Note: Course details for Summer 2019 will be available on December 15. The courses below were offered in Summer 2018 and can serve as a guide to what is typically offered.
Introduction to Internet Technologies and Web Programming
CAS CS 103
Introduction to the basic architecture and protocols underlying the operation of the Internet with an emphasis on Web design, Web application programming, and algorithmic thinking. General familiarity with the Internet is assumed. A student may not receive credit for CS 103 toward the CS concentration. (MCS) 4 cr.
Introduction to Computer Science 1
CAS CS 111
The first course for computer science majors and anyone seeking a rigorous introduction. Develops computational problem-solving skills by programming in the Python language and exposes students to a variety of other topics from computer science and its applications. Carries MCS divisional credit in CAS. 4 cr.
Introduction to Computer Science 2
CAS CS 112
Prereq: (CAS CS 111) or equivalent. Covers advanced programming techniques and data structures. Topics include recursion, algorithm analysis, linked lists, stacks, queues, trees, graphs, tables, searching, and sorting. Carries MCS divisional credit in CAS. 4 cr.
CAS CS 131
Representation, analysis, techniques, and principles for manipulation of basic combinatoric structures used in computer science. Rigorous reasoning is emphasized. 4 cr.
CAS CS 132
Prereq: (CAS CS 111; CAS MA 123 recommended). Basic concepts, data structures, and algorithms for geometric objects. Examples of topics: Cartesian geometry, transformations and their representation, queries and sampling, triangulations. Emphasis on rigorous reasoning and analysis, advancing algorithmic maturity and expertise in its application. 4 cr.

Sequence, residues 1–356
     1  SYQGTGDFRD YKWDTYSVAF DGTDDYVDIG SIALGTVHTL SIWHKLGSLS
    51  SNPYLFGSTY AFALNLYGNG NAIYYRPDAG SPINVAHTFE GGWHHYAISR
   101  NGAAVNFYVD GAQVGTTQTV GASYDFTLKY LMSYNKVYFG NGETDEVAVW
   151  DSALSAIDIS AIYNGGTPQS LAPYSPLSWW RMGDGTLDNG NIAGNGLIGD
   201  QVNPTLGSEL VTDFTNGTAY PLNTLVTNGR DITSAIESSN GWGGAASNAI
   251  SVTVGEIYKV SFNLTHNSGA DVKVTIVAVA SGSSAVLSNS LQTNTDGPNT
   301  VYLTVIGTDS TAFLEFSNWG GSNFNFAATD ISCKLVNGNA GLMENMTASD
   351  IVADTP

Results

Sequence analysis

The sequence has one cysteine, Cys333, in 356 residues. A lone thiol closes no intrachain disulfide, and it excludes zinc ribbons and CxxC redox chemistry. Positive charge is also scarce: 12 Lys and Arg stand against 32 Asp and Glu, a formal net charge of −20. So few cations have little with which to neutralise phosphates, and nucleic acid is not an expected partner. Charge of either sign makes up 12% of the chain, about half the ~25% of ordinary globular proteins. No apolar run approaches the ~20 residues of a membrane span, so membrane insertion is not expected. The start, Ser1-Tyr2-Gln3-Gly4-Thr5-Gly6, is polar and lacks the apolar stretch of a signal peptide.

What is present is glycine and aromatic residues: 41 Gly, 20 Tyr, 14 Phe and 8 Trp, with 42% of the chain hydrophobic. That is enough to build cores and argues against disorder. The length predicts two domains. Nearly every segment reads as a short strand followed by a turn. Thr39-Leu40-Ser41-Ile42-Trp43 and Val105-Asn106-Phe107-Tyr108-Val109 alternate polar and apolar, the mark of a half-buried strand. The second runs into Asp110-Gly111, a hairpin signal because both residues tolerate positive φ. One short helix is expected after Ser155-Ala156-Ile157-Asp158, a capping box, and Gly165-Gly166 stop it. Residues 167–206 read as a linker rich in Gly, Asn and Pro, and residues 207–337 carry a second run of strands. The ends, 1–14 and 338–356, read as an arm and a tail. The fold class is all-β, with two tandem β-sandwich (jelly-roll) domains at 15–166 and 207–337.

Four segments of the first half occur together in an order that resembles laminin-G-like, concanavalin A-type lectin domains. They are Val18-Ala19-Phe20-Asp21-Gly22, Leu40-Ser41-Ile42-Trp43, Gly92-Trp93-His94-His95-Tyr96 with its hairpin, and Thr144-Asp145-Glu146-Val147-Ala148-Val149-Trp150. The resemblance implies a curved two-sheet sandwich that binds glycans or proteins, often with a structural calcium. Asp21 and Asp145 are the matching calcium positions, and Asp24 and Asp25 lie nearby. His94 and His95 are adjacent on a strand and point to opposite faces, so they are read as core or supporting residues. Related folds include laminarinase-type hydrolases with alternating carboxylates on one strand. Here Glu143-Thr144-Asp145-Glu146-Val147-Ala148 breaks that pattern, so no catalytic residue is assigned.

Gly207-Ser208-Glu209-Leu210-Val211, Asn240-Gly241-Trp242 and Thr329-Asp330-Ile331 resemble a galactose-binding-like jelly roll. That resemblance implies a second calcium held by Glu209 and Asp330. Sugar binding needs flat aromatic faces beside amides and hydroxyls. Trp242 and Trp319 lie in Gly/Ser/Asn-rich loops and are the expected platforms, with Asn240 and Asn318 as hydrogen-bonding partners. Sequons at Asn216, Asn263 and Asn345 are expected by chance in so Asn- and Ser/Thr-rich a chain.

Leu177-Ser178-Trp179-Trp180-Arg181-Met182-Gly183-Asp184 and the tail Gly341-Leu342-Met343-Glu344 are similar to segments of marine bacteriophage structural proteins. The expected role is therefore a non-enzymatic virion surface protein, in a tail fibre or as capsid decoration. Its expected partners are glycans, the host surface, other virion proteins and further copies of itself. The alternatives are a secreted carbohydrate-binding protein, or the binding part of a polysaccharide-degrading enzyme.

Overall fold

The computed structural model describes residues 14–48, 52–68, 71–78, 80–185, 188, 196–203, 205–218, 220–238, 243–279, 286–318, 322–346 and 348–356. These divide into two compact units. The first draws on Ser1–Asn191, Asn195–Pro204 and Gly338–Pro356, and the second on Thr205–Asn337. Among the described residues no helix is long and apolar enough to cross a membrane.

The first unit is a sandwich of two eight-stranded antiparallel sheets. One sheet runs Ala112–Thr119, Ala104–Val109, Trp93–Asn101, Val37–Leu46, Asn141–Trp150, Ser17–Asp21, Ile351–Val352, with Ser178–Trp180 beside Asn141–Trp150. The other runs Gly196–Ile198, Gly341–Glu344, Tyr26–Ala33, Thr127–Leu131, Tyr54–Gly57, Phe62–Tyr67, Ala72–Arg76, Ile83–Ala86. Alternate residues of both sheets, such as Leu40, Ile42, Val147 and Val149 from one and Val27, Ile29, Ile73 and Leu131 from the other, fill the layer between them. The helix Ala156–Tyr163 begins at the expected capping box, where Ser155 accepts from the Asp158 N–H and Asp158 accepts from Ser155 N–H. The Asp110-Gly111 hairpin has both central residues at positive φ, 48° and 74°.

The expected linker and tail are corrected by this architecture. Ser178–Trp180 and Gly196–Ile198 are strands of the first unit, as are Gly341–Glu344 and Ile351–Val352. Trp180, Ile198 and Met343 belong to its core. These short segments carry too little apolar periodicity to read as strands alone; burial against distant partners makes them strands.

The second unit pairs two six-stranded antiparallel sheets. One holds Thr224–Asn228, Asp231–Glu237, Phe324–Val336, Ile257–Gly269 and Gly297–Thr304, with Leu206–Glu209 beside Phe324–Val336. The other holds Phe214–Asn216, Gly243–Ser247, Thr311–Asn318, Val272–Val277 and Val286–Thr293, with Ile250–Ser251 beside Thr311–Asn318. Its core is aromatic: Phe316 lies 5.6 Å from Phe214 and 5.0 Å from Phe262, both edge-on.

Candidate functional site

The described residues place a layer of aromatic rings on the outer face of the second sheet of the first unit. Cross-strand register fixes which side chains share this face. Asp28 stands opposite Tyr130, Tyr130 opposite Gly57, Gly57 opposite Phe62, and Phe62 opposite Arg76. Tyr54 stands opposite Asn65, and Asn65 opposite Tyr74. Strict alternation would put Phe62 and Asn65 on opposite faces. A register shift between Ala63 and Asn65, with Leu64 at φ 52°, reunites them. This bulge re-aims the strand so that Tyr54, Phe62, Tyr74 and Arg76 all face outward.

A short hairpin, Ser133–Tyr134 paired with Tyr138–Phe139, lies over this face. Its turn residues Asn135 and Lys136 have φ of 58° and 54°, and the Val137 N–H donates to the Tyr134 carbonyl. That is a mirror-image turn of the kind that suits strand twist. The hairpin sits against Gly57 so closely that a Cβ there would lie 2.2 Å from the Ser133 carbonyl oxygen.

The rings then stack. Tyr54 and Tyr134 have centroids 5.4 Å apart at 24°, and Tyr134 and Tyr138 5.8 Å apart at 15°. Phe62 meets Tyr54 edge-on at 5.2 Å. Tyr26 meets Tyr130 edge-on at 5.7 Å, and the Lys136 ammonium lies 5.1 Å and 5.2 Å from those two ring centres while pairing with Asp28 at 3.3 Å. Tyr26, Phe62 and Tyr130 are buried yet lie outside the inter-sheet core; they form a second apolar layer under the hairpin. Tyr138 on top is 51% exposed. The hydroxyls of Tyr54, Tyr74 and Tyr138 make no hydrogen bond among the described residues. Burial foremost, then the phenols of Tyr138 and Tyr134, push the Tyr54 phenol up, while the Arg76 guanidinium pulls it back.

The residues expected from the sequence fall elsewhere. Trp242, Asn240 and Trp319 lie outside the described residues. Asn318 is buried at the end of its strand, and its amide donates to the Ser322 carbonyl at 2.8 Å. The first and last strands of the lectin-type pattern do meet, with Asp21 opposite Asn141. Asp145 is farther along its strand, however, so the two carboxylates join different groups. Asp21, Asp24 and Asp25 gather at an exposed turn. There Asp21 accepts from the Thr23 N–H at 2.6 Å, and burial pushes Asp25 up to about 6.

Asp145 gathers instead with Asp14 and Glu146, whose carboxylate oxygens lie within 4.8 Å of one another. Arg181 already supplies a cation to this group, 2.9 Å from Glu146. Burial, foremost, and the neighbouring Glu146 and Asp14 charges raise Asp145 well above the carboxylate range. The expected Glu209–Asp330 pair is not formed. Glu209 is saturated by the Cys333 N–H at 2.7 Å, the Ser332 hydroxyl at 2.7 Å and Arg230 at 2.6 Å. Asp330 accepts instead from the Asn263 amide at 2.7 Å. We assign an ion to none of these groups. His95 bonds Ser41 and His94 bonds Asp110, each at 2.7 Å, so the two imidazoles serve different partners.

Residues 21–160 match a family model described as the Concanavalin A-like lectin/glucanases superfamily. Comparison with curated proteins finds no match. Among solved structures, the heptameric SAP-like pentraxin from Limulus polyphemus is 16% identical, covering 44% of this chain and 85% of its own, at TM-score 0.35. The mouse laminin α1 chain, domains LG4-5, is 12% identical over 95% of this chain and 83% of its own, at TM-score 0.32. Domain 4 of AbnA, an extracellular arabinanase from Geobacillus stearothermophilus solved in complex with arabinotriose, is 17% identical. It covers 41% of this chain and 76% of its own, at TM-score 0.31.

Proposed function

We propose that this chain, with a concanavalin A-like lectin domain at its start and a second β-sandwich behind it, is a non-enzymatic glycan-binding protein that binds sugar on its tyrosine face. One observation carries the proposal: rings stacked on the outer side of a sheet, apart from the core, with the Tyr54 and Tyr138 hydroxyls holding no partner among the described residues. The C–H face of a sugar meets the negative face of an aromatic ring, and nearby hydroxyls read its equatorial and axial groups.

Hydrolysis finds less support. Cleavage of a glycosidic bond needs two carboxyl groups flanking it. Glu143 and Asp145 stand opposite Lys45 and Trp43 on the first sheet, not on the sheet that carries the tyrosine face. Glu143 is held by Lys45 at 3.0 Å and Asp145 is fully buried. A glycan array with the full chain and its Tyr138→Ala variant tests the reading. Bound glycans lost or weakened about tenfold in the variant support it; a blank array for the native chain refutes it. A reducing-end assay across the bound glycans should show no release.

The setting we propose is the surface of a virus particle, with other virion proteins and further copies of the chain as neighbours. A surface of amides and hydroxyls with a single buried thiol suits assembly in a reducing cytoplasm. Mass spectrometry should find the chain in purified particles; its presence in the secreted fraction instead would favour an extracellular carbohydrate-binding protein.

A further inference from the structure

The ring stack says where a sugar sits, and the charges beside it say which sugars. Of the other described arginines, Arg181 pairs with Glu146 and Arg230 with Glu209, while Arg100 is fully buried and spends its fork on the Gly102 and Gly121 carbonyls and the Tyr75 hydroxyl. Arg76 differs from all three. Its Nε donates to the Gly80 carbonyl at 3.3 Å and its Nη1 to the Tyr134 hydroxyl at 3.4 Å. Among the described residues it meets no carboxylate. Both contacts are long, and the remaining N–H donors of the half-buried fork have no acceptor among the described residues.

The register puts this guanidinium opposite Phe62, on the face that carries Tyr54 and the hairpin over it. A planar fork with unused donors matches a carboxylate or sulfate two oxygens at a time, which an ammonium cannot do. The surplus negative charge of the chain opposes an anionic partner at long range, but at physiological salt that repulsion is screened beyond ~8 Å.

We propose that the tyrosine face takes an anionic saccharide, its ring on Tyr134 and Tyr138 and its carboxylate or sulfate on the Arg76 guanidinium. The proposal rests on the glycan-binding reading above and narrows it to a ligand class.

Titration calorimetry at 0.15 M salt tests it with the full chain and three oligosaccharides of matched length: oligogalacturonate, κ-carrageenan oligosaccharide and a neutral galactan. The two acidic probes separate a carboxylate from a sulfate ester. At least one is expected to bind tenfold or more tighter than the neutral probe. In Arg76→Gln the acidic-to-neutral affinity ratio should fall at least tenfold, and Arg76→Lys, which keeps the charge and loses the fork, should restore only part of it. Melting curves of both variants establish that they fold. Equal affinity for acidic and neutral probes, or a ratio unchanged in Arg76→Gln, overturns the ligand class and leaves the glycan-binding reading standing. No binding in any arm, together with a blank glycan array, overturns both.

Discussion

Probability in Computing
CAS CS 237
Prereq: (CAS MA 123 or equivalent) and (CAS CS 131). Introduction to basic probabilistic concepts and methods used in computer science. Develops an understanding of the crucial role played by randomness in computing, both as a powerful tool and as a challenge to confront and analyze. Emphasis on rigorous reasoning, analysis, and algorithmic thinking. 4 cr.
Concepts of Programming Languages
CAS CS 320
Prereq: (CAS CS 112 and CAS CS 131). Concepts involved in the design of programming languages. Bindings, argument transmission, and control structures. Environments: compile-time, load-time, and run-time. Interpreters. 4 cr.
Introduction to Analysis of Algorithms
CAS CS 330
Prereq: (CAS CS 112, CAS CS 131, and CAS CS 132) or (CAS CS 235) or (CAS CS 237). Examines the basic principles of algorithm design and analysis; graph algorithms; greedy algorithms; dynamic programming; network flows; polynomial-time reductions; NP-hard and NP-complete problems; approximation algorithms; randomized algorithms. 4 cr.
CAS CS 455